The .380 Glock 42 is the smallest pistol that Glock makes. Weighing in at less than a pound, it's a palm-sized CCW handgun that can be concealed almost anywhere. If anything, it might be too small for people with large hands. The ultra-light .380 round also doesn't have much dropping power compared to our other top picks.
Nonetheless, as long as you train regularly and can consistently land effective shots, the .380 cartridge is a serviceable defense round. If size and concealability are your top priorities, the Glock 42 should be near the top of your shopping list.
Sig Sauer P365
Manufacturer: Sig Sauer
Capacity: 10+1, 12+1, or 15+1
Barrel length: 3.1"
Weight: 17.8 oz. (unloaded)
Trigger Weight: 5.5 lbs
Unlike many compact and subcompact 9mm handguns, the Sig Sauer P365 is built to handle +P ammunition, giving you the option to pack some extra punch in your CCW gun. It's also the fourth-lightest option on this list, and it's quite small overall.
Like most Sig Sauer handguns, the trigger on the P365 is nice and smooth, although there's an almost undetectable hiccup at the break point. Its sub-$500 price point sweetens the deal even more, making this pistol a very attractive concealed carry weapon for almost anyone.
Springfield XD-S Mod.2
Manufacturer: Springfield Armory
Capacity: 5+1 or 6+1
Barrel length: 3.3"
Weight: 23 oz. (unloaded)
Trigger Weight: 8.1 lbs
The XD-S Mod.2 is a comfortable, reliable, and surprisingly portable .45, thanks to its single-stack design. Its slimness and height make it easy to conceal, even under a normal t-shirt. Its sub-3.5" barrel combined with the size and ballistics of the .45 round make it slightly more challenging to shoot accurately, but the excellent stopping power more than makes up for it.
The XD-S Mod.2's unusually heavy trigger is its only real drawback. Fortunately, there are several aftermarket kits to lighten the trigger substantially. Simply put, this is one of the best compact .45's on the market, especially in light of its competitive price.
Beretta PX4 Storm Type F Compact
Capacity: 10+1 or 12+1
Barrel length: 3.27"
Weight: 27.4 oz. (unloaded)
Trigger Weight: 9 lbs
The PX4 Storm chambered in .40 S&W is a bit larger and heavier than most of our other favorites, but it's still perfectly hideable under loose clothing. Its 10 or 12-round capacity is impressive, considering that most similarly sized pistols with comparable capacities are chambered in 9mm.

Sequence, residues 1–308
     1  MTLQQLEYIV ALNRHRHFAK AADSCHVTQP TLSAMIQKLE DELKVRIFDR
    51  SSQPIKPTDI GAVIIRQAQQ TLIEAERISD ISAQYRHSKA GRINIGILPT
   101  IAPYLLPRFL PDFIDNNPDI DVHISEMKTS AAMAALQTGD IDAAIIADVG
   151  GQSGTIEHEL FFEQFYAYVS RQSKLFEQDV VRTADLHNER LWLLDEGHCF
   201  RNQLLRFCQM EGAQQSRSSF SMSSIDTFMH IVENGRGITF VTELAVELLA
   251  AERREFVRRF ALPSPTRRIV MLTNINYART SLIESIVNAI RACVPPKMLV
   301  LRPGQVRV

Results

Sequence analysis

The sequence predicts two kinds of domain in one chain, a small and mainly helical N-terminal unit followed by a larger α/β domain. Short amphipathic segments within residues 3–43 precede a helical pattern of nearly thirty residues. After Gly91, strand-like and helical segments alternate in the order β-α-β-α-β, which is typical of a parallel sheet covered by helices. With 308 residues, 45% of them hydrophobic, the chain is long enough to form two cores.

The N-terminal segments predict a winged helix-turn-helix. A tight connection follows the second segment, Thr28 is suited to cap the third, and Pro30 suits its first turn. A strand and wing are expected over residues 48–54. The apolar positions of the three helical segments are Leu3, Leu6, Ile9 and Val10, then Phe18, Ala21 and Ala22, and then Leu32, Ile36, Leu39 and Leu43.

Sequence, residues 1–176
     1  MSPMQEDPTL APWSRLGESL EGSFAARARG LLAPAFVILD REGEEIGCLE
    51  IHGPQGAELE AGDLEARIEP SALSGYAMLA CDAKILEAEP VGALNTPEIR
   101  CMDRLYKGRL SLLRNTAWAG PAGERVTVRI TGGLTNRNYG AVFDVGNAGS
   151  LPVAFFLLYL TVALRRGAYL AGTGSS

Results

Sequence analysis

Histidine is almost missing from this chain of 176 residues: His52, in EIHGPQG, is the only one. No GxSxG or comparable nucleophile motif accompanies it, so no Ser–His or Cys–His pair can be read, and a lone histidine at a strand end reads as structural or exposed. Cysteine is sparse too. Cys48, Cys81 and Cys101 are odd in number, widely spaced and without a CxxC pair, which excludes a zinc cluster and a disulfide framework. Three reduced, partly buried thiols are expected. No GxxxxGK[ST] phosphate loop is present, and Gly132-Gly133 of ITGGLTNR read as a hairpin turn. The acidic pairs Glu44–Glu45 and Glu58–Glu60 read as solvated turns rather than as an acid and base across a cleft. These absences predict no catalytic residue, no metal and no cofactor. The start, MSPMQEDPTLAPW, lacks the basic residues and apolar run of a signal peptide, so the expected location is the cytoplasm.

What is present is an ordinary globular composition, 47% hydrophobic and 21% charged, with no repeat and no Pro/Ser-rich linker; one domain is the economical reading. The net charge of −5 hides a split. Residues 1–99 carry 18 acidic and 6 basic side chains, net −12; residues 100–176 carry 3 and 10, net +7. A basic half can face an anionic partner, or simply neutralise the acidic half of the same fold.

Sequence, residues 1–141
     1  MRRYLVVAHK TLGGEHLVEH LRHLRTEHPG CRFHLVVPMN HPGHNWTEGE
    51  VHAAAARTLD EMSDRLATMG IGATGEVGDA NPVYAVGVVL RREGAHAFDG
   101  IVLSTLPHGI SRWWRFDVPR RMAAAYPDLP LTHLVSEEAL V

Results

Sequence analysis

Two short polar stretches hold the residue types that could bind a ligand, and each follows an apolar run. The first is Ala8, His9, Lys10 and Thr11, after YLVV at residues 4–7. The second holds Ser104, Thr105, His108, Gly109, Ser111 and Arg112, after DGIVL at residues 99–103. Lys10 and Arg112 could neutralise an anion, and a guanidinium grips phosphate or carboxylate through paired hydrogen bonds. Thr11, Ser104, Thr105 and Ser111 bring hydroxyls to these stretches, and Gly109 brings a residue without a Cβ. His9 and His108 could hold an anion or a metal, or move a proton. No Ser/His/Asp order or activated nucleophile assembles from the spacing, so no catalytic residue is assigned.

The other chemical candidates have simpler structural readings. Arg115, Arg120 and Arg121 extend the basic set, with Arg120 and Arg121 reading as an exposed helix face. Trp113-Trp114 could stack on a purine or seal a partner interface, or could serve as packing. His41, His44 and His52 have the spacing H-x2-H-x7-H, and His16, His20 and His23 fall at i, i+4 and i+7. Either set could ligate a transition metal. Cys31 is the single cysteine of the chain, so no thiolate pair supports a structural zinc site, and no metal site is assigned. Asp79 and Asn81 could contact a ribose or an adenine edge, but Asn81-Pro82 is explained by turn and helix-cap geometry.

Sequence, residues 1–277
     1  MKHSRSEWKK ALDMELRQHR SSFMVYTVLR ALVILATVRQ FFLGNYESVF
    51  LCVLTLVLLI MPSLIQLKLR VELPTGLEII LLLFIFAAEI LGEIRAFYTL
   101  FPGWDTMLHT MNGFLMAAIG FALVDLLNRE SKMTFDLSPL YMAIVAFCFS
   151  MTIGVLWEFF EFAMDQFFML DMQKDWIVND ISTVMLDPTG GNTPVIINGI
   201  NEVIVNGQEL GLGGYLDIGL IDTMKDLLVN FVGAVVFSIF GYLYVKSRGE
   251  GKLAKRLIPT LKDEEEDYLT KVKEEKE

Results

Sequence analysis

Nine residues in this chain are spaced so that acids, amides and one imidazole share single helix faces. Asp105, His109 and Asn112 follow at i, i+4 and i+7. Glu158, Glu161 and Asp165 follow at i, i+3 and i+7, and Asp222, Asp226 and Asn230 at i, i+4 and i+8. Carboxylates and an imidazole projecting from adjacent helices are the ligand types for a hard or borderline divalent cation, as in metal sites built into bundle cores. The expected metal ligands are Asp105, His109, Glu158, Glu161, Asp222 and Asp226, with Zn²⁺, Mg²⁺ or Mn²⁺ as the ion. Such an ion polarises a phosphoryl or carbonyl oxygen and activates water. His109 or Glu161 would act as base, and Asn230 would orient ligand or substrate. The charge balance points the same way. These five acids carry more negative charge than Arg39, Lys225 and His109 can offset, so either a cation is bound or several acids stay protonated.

The 9-pound double-action trigger pull will be too heavy for some, although it's not too bad because it's smooth and consistent throughout. If you want large-caliber power without large-caliber recoil, .40 is a solid choice, and the PX4 is one of the nicest compact models you'll find.
Caliber: .38 or .22
Capacity: 5 (.38) or 8 (.22)
Barrel length: 1.87"
Weight: 13.5 oz. (unloaded)
Trigger Weight: 10.1 lbs
The .38 and .22 versions of the surprisingly light Ruger LCRx are virtually identical in size. Although the .22 version holds an additional three rounds, the significantly better stopping power of the .38 cartridge makes it a superior choice for most self-defense situations.
The double-action trigger pull isn't nearly as heavy as our other favorite Ruger revolver, the SP101, but it's still somewhat unpleasant. Even so, the LCRx is comfortable to shoot and easy to control. It weighs less than half as much as the SP101, making it a well-balanced CCW gun that performs reliably in all situations.
Smith & Wesson 442
Manufacturer: Smith & Wesson
Barrel length: 1.88"
Weight: 15 oz. (unloaded)
Trigger Weight: 6.5 lbs
If the triggers on our other favorite revolvers are too heavy for you, consider the much lighter and snappier S&W model 442. This wheelgun fits easily in a pocket holster, which is mostly a good thing, but its diminutive size does make its recoil a bit more difficult to manage.
Although the hammerless design means you can't reduce the trigger pull, it does make for a quicker, smoother, less error-prone draw — there's no hammer to snag your pocket or shirt. Few revolvers under $500 balance power and concealability as well as the S&W 442.
Shop with Confidence
Every gun on this list has been around for at least a few years and has stood the test of time. Of course, new CCW handguns will eventually come out that might be better than these. If nothing else, these manufacturers — HK, Glock, Smith & Wesson, Ruger, Sig Sauer, Springfield, and Beretta — have long-standing reputations for producing quality firearms, and they'll likely continue doing so long into the future.